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( Originally Published 1913 )
It was about the year 1622 that Dame Anne Sherley made her will, and bequeathed "my Turkey carpet of cowcumbers, a chaire of needleworke of apples, my carpet of needleworke of gilly flores and woodbynes," also " five of my chaires of cruell needleworke " to her heirs and assigns. Crewels were used even then, it appears.
The full list of the ingenious labours which Dame Anne Sherley and her sewing-maids performed with the needle, may be studied in " English Secular Embroidery," by M. A. Jourdain.
Wide is the range of "lines" and collections of this kind; embroidered bed-hangings, applied work, patchwork, Passementeyie, upholstery, emblems, book-covers, gloves, cushions, pictures, bead work, carpet work, costumes, darning, samplers, quilting, portraits, stump work, and what not. In my "A B C About Collecting " I have written on "Acupictura," or pictures in needlework, a fascinating subject, more one for women collectors than for men.
Needlework Miniatures.-Yet there are some branches of interest to all. In how many collections of old miniatures do you see a needlework miniature ? In very few. Yet needlework miniatures are charming old things. They are none of them so old as some other kinds of miniature ; the earliest needlework pictures hardly date back much before the reign of Charles I. Perhaps tapestries suggested them; at any rate, the earliest needlework pictures were done in tent stitch-petit-point-a stitch which imitates the work of a tapestry loom. Needlework miniatures are very rare. You may see one in the Bodleian Library, a head of the Duke of Buckingham, embroidered on the cover of an edition of " Bacon's Essays," published in the year 1625. In the Wallace Collection there is a needlework miniature of Charles I, and there are several of the same subject extant, done in that unhappy king's " own hair." At the Victoria and Albert Museum you may see a hair-embroidered portrait of Peter Paul Rubens. But you will be lucky if you find a miniature of the kind in a decade's search.
Costumes.-Much more numerous, but also more sought for, are seventeenth and eighteenth century costumes for women and for men ; the most valued are those which were embroidered by hand. A large collection of these was recently dispersed from a small village in Nottinghamshire. The collection belonged to an elderly gentleman who lived at a Hall, and was a collector indeed! He had furnished the upper rooms of his fine old mansion with Elizabethan and Jacobean beds, chests, coffers, and furniture to match, and had taken down all the doors, so that the rooms stood en suite. The better to show off his large collection of old costumes, he had, at some time or other, bought up the whole stock of a travelling waxworks show, and he dressed the figures, put them to bed, or set them beside the beds as if in attendance on the sick or dying; so that ghastly effigies-the wax had not been repaired or repainted-of celebrated criminals, such as Weare and Mrs. Manning, all clad in costly costumes of the olden times, stood about those upper rooms, and even by daylight made a night-mareish, nerve-shaking show. I was to have been his guest, and slept among them, but I fled. All that is over now; I wonder whither those beautiful costumes are gone ?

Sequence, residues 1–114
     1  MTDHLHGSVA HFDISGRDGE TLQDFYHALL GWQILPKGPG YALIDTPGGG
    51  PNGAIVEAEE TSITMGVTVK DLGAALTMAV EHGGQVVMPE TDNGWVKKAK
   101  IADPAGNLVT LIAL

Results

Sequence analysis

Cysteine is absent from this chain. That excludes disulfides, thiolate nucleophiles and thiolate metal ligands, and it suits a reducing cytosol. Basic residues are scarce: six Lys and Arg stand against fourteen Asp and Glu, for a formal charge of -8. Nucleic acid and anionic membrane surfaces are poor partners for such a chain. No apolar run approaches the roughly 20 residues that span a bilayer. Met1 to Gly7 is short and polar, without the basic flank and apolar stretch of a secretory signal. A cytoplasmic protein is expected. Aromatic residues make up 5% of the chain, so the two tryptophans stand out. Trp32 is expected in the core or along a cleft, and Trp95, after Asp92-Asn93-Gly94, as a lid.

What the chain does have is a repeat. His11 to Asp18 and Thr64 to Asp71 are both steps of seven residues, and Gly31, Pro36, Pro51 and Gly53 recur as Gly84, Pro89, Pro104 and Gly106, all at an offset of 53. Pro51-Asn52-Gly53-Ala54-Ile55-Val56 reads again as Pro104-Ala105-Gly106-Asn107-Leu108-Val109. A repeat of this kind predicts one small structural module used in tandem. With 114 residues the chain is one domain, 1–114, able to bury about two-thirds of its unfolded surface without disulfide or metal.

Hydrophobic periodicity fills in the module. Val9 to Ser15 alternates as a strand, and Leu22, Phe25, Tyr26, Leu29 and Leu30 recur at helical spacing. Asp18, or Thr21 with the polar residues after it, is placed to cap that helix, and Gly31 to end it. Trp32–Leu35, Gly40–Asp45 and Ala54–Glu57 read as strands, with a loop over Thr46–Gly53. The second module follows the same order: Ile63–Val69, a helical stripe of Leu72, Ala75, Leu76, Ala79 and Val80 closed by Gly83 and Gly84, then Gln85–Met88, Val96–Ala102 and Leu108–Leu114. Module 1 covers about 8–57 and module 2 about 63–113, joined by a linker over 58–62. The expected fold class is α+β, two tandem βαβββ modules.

Fine examples of embroidered coats, long-sleeved vests, bodices, and petticoats, may be seen in the capital little local museum at Peterborough, and the Victoria and Albert Museum at South Kensington is rich in treasures of the kind. In the latter collection there is an eighteenth-century petticoat, made for a Duchess, which is covered with needlework representing branches, leaves, flowers, and fruits growing out of fanciful rockwork, and bridges amidst houses, winding roads, and trees ; the rococo and Chinese Chippendale styles at their worst.
Sometimes you come across a beautifully needleworked cover for the sheath of a dress-sword. For the men of those days delighted in embroideries, and had their coats and waistcoats adorned in this wise, upon the pockets, and along the edges of the lapels, the front, the tails, and the sleeves. In the eighteenth century the fashion for English noblemen and gentry was to get their silken costumes made and decorated in Paris, just as it is the fashion in France to get tailored from London today.